Today’s employment report shows that private sector payrolls increased by 154,000 in July and the unemployment rate ticked down to 9.1 percent. The economy has added 2.4 million private sector jobs over the past 17 months, despite a slowdown in economic growth from substantial headwinds in the first half of the year.
While the better than expected report is welcome news, the unemployment rate remains unacceptably high and faster growth is needed to replace the jobs lost in the downturn. Bipartisan action is needed to help the private sector and the economy grow – such as measures to extend both the payroll tax cut and unemployment insurance, as well as passing the pending free trade agreements with re-employment assistance for displaced workers, the patent reform bill, and a bipartisan infrastructure bill to help put Americans back to work. This week we averted an economic catastrophe by avoiding a default and putting in place an important down payment on long term deficit reduction. We will continue to work with Congress to build on these efforts to achieve a broader balanced deficit reduction agreement that instills confidence and allows us to live within our means without shortchanging future growth.
In addition to the increases last month, payroll survey estimates of private sector job growth for May (now +99,000) and June (now +80,000) were revised up. Overall payroll employment rose by 117,000 in July. The growth was broad based. Sectors with employment increases included professional and business services (+34,000), health care (+31,300), retail trade (+25,900), manufacturing (+24,000), leisure and hospitality (+17,000), and construction (+8,000). Sectors with employment declines included government (-37,000) and financial activities (-4,000). Manufacturing has added 289,000 jobs since the beginning of 2010, the best period of manufacturing job growth in over a decade. Meanwhile, state and local governments lost 39,000 jobs in July and have shed more than 400,000 jobs since the start of 2010.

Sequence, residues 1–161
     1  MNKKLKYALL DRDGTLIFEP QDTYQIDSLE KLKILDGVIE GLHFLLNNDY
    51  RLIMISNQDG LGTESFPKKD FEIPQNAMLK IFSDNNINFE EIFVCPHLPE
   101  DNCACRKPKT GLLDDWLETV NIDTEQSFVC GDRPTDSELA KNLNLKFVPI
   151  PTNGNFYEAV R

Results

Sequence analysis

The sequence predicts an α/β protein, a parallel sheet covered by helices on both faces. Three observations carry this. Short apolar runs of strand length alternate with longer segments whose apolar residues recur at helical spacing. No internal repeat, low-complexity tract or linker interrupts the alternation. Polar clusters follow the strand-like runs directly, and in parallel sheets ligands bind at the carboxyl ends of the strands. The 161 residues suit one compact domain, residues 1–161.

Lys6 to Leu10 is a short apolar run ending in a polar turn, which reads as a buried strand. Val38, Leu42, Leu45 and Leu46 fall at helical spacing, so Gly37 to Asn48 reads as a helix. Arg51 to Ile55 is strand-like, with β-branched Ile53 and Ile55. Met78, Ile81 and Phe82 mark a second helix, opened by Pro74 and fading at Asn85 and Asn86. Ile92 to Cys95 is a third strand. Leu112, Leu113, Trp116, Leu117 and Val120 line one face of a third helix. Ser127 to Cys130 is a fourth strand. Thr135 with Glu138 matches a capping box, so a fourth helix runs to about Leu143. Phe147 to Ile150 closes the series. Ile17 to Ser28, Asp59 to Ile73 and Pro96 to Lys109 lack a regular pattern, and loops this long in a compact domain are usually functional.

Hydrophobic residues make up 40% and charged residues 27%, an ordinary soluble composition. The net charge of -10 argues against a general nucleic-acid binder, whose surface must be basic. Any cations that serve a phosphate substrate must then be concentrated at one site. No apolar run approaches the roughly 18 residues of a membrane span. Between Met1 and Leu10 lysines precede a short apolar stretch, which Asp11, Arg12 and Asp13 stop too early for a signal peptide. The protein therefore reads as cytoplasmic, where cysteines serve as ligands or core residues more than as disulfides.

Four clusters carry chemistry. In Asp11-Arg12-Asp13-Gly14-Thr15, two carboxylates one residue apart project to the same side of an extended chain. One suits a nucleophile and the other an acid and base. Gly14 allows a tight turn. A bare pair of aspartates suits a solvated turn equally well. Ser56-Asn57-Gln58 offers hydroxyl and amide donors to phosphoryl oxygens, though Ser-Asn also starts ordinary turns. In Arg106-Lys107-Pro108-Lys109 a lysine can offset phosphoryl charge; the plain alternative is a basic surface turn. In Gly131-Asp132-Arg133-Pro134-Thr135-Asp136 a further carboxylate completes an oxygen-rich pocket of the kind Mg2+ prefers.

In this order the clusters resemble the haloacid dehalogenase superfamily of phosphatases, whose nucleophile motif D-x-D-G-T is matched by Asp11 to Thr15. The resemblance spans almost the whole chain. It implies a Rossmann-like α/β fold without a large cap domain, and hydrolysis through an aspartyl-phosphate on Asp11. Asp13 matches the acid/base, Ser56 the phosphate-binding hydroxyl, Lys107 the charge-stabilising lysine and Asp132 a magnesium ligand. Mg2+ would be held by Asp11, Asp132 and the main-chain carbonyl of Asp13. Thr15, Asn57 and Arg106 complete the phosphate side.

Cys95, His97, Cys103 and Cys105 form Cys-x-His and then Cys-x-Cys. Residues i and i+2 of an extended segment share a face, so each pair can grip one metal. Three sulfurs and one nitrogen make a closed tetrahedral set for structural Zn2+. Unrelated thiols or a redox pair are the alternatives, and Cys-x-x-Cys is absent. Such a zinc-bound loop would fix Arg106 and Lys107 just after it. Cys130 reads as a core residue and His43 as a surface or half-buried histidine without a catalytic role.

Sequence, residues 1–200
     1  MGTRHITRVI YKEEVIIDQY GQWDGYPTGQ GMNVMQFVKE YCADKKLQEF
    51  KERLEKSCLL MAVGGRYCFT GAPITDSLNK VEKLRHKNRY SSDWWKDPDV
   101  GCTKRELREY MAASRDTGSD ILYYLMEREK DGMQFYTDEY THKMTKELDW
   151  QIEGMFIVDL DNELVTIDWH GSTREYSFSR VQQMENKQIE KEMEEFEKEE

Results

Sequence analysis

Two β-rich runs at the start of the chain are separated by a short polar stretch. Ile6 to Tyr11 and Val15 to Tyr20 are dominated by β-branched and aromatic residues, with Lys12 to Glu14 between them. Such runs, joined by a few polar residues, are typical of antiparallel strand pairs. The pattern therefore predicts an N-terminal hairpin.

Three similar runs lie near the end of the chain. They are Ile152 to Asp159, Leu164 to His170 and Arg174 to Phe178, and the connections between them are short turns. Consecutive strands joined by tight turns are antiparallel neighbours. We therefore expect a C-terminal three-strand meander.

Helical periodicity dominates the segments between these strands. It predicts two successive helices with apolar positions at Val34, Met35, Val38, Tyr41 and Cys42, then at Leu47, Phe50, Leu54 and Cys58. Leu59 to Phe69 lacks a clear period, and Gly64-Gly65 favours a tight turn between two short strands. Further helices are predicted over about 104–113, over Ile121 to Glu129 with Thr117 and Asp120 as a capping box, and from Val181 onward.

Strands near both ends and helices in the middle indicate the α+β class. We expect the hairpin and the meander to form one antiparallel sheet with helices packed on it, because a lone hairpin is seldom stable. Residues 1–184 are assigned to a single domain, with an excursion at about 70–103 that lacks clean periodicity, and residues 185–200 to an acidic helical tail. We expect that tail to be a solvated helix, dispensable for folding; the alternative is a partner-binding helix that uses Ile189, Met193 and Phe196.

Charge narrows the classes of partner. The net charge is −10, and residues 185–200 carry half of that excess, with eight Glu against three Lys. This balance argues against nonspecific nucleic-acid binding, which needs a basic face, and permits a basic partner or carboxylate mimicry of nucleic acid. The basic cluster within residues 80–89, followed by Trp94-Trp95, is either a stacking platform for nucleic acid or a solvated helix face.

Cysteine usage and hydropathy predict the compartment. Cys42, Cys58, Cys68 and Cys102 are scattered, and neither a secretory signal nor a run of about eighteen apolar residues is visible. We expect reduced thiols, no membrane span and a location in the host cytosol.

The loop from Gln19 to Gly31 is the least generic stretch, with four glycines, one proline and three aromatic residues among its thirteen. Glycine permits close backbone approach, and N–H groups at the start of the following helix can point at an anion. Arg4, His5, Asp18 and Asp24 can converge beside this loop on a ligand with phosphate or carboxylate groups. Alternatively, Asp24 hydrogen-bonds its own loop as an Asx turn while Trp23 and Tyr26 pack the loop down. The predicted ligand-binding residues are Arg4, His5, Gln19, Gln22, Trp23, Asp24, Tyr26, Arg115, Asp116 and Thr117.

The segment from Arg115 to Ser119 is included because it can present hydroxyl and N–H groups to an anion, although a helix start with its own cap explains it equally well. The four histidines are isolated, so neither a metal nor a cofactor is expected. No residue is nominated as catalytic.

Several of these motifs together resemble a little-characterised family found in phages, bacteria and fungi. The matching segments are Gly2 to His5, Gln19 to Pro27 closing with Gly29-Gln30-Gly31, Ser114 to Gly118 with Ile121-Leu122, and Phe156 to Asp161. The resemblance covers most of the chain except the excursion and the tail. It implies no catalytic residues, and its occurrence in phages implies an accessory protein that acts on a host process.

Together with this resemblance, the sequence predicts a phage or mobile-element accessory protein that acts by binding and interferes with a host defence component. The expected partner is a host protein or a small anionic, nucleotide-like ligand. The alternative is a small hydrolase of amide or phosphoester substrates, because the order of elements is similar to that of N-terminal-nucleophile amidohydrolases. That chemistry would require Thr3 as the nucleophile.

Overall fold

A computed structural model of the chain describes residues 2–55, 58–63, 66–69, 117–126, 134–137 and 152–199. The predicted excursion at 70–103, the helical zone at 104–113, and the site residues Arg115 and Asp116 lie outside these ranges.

The monthly employment and unemployment numbers are volatile and employment estimates are subject to substantial revision. Therefore, as the Administration always stresses, it is important not to read too much into any one monthly report.
Austan Goolsbee is Chairman of the Council of Economic Advisers